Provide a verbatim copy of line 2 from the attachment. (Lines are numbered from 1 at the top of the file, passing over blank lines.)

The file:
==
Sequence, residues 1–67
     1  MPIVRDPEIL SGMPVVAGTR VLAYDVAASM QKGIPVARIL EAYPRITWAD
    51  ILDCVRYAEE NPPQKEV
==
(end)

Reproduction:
     1  MPIVRDPEIL SGMPVVAGTR VLAYDVAASM QKGIPVARIL EAYPRITWAD